Document Type



The Alaska Health Surveillance Project was intended to improve the quality of the health care process by impacting on both the provider and the consumer using three tracer conditions. This evaluation of the Health Surveillance Project was conducted at four locations: the Alaska Native Medical Center (ANMC), Fairbanks Native Health Center (FNHC), Port Graham and Tanana. This study is the third phase of a larger study that began as an evaluation of existing conditions in health services at the four specified locations using three target conditions. This particular phase focuses on changes in diagnostic, treatment and follow-up protocols, and the employment of techniques designed to educate the consumer so that they may take an active part in their own health care.In each of the four study areas, protocols were established for screening and follow-up for three medical conditions - hypertension, iron deficiency anemia, and urinary tract infections. A Health Surveillance Report instrument was designed for distribution to patients. Health practitioners were instructed on how to use the surveillance instrument. Educational pamphlets were provided for distribution, and in some cases, house-to-house visits were conducted for the purpose of patient training. After a year, the number of patients served by the new system was tabulated and analyzed, and comparisons were made with earlier studies. The results are recorded in the form of tables by area and tracer condition.This phase of the study was primarily a feasibility and information gathering phase. It would be another year before any general conclusions could be drawn about the effectiveness of the Health Surveillance Report. There were some conclusions drawn on the experience with each tracer condition. For example, with hypertension, it was concluded that the new protocol has good potential for improving detection and follow-up, and that the health education and dietary counseling was deficient. For iron deficiency anemia, the emphasis was placed on consumer education so that potential patients could make themselves and their children available for screening. For urinary tract infection, it was clear that the consumer education program positively affected the follow-up rate.For the Health Surveillance Profile, it was recommended that its use should be continued and expanded to cover a broader cross section of the population; and that a one-year follow-up evaluation should be conducted to complete the current study. Dietary counseling and health education should be increased to improve the standard of health care from the providers and continue to promote consumer growth and awareness.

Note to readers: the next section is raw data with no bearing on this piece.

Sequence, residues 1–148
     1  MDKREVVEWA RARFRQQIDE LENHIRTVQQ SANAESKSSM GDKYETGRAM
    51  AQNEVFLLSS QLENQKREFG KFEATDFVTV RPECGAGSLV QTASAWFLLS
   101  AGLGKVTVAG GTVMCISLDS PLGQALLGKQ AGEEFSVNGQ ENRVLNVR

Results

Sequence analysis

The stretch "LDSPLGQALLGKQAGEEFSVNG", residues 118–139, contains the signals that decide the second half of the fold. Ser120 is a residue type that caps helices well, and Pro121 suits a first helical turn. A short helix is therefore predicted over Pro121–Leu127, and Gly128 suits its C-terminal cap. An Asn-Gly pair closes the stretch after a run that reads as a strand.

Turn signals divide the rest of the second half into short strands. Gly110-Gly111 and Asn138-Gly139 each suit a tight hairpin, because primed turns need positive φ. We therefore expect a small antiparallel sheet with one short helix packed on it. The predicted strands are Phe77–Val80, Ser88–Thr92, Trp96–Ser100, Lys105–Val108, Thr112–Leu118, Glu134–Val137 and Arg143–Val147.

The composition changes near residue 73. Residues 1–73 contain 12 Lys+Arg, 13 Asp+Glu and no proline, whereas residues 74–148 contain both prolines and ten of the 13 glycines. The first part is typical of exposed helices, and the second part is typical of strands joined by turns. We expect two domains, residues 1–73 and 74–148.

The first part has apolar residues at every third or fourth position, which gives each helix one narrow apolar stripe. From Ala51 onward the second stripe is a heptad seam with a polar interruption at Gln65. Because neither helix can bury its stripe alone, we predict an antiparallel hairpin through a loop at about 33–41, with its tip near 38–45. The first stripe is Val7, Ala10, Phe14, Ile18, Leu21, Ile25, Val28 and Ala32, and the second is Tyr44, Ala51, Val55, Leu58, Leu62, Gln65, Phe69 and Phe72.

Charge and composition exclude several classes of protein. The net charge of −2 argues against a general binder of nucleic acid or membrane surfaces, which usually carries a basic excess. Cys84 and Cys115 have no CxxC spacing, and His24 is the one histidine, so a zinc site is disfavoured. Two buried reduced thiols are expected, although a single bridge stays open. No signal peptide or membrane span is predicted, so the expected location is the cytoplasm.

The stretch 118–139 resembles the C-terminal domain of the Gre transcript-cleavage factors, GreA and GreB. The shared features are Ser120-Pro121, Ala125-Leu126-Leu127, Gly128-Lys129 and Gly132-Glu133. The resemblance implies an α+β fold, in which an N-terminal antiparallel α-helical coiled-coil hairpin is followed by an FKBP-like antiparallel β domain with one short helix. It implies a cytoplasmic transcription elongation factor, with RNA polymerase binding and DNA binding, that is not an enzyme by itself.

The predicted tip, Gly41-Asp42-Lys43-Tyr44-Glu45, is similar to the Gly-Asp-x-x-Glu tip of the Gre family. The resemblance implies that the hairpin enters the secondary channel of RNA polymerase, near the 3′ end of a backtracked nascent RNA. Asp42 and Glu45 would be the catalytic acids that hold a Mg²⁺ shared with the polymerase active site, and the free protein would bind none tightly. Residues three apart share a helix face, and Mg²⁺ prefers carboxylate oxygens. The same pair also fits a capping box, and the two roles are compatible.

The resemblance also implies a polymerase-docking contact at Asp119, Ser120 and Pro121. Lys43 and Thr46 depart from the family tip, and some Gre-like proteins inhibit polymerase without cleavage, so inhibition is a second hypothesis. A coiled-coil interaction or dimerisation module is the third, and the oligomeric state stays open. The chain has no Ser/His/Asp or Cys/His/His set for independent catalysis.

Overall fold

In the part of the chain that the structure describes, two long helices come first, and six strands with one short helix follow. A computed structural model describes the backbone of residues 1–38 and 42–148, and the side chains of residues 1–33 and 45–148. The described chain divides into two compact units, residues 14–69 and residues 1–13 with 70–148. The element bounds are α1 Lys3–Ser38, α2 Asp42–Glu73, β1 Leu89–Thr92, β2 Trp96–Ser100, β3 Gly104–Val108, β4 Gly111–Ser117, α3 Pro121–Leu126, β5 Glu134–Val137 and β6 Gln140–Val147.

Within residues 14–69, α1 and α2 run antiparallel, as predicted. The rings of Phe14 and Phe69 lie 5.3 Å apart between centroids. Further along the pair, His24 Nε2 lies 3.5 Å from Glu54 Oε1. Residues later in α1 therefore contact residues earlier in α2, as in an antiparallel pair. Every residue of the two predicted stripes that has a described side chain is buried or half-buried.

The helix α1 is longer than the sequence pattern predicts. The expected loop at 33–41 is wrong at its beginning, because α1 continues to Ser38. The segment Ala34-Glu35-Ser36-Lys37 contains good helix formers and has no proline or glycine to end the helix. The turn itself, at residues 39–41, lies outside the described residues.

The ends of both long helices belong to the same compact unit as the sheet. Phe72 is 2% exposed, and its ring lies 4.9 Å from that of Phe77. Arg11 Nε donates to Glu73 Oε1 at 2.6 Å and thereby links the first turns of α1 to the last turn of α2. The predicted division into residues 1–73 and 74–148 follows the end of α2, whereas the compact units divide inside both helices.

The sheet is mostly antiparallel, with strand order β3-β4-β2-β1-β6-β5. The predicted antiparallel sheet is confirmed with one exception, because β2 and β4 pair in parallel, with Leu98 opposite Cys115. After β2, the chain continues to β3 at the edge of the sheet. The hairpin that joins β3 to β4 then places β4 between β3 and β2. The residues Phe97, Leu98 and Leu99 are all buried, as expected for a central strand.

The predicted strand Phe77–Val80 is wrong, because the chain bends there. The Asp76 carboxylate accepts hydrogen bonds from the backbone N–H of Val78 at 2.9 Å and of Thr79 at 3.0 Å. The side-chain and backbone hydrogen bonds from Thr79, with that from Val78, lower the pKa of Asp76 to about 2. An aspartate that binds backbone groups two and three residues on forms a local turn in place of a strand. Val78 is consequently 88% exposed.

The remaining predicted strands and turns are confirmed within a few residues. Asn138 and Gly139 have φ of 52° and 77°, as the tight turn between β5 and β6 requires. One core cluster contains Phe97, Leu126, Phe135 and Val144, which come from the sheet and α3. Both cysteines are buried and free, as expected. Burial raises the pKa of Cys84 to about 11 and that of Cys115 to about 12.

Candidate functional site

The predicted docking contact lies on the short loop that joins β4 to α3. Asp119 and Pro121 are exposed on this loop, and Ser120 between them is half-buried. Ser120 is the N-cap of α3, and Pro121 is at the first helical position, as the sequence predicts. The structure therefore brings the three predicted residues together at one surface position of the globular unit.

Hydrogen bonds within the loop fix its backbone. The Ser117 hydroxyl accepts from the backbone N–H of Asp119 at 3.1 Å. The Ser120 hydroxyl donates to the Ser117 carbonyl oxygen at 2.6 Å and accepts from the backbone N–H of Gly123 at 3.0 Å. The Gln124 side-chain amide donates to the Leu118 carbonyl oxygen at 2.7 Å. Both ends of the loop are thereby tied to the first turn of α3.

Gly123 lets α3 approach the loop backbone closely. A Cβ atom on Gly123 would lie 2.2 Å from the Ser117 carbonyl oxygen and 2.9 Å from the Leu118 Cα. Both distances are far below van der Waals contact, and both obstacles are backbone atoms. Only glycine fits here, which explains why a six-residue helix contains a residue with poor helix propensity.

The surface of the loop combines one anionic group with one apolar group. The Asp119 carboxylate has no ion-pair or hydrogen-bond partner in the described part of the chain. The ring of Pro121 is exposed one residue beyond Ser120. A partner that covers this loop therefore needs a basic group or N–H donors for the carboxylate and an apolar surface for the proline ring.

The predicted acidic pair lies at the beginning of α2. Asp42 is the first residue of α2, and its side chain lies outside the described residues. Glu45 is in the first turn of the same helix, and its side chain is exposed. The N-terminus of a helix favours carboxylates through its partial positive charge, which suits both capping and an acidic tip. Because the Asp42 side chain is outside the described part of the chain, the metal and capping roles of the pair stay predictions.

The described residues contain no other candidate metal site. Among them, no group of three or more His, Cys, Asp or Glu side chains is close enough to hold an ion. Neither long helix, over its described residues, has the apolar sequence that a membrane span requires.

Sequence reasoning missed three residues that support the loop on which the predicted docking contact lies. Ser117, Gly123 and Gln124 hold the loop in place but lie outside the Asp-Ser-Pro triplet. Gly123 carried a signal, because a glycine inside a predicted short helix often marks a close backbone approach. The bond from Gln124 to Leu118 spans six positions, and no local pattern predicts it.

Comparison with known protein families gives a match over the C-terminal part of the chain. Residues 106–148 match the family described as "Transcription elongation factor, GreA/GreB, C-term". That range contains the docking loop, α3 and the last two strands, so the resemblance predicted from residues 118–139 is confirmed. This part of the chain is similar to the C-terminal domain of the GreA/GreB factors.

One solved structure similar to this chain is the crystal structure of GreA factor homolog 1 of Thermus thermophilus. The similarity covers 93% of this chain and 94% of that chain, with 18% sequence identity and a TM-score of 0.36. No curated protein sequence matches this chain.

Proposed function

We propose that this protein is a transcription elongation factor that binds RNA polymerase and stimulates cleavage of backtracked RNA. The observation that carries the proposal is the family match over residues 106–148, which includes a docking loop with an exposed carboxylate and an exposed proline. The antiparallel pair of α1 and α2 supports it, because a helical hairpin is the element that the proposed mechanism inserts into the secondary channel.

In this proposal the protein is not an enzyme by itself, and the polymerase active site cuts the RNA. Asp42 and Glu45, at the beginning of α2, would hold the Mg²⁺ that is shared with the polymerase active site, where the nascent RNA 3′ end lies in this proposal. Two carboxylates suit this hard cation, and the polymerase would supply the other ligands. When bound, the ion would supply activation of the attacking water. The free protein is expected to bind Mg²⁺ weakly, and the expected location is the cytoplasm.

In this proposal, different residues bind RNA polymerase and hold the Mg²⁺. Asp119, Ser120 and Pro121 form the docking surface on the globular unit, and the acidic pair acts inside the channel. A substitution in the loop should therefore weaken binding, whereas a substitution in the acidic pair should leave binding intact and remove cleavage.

Publication Date



Indian Health Service, Staff Office of Planning, Evaluation and Research, Rockville, MD 20857 (E-08).